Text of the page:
Browserscope

What are the Network Tests?

PerfTiming

This test determines if the browser has the Web Performance Timing properties available.

Check Latency

This isn't actually a test. Many of the tests measure how long it takes for a resource to load, but the load time can vary greatly depending on the user's network latency. This page measures the average latency to the UA Profiler server, and then adjusts the timing thresholds throughout the remaining test pages accordingly. If you have high latency (slow network connection), the tests take longer to load. If you have low latency (fast network connection), the tests are run faster.

Connections per Hostname

When HTTP/1.1 was introduced with persistent connections enabled by default, the suggestion was that browsers open only two connections per hostname. Pages that had 10 or 20 resources served from a single hostname loaded slowly because the resources were downloaded two-at-a-time. Browsers have been increasing the number of connections opened per hostname, for example, IE went from 2 in IE7 to 6 in IE8. This test measures how many HTTP/1.1 connections are opened for the browser being tested.

Max Connections

The previous test measures maximum connections for a single hostname. This test measures the maximum number of connections a browser will open total - across all hostnames. The upper limit is 60, so if a browser actually supports more than that it'll still show up as 60.

|| Script Script

When some browsers start downloading an external script, they wait until the script is done downloading, parsed, and executed before starting any other downloads. Although parsing and executing scripts in order is important for maintaining code dependencies, it's possible to safely download scripts in parallel with other resources in the page (including other scripts). This test determines if the browser downloads scripts in parallel with other scripts in the page.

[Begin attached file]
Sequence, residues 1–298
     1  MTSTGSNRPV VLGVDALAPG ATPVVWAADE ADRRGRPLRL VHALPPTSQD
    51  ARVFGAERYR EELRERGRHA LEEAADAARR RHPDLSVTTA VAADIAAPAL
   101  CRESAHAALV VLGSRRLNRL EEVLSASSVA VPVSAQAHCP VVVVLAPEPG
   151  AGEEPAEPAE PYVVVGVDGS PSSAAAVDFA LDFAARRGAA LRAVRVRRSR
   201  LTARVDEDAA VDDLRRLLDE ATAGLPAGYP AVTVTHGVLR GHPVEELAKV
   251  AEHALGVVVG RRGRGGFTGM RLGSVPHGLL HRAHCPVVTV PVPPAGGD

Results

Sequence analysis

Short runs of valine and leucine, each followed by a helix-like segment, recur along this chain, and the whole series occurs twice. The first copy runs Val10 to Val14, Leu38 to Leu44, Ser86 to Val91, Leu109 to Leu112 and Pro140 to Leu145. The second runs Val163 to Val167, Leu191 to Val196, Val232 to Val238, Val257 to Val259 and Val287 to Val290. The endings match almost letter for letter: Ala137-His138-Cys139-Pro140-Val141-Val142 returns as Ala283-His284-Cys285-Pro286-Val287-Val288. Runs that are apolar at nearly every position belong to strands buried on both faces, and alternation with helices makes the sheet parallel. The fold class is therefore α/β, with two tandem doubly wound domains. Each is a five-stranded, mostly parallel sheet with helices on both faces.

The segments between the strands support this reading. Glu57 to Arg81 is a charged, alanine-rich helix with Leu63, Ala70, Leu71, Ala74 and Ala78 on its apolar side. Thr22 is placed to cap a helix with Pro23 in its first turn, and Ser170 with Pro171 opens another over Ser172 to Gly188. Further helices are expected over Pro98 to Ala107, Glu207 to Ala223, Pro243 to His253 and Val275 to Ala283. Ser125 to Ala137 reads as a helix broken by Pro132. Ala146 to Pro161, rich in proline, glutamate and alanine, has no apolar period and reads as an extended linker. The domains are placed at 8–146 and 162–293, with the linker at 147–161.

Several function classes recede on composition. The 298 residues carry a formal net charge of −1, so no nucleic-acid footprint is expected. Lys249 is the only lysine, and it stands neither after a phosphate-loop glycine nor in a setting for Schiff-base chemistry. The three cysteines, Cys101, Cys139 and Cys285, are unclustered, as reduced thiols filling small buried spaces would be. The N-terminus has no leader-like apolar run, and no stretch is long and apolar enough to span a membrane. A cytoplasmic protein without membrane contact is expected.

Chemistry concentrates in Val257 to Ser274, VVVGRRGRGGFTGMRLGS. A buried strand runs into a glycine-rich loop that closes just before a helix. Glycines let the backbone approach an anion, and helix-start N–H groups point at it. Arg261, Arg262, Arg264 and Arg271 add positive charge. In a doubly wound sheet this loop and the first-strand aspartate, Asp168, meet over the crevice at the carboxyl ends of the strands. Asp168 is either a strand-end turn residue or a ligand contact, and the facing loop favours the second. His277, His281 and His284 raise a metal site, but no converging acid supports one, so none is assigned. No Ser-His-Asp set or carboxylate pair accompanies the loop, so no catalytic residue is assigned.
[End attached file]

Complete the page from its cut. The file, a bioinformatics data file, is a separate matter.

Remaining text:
|| Script Stylesheet

When some browsers start downloading an external script, they wait until the script is done downloading, parsed, and executed before starting any other downloads. Although parsing and executing scripts in order is important for maintaining code dependencies, it's possible to safely download scripts in parallel with other resources in the page (including other scripts). This test determines if the browser downloads scripts in parallel with other stylesheets in the page.

|| Script Image

When some browsers start downloading an external script, they wait until the script is done downloading, parsed, and executed before starting any other downloads. Although parsing and executing scripts in order is important for maintaining code dependencies, it's possible to safely download scripts in parallel with other resources in the page (including other scripts). This test determines if the browser downloads scripts in parallel with other images in the page.

|| Script Iframe

When some browsers start downloading an external script, they wait until the script is done downloading, parsed, and executed before starting any other downloads. Although parsing and executing scripts in order is important for maintaining code dependencies, it's possible to safely download scripts in parallel with other resources in the page (including other scripts). This test determines if the browser downloads scripts in parallel with other iframes in the page.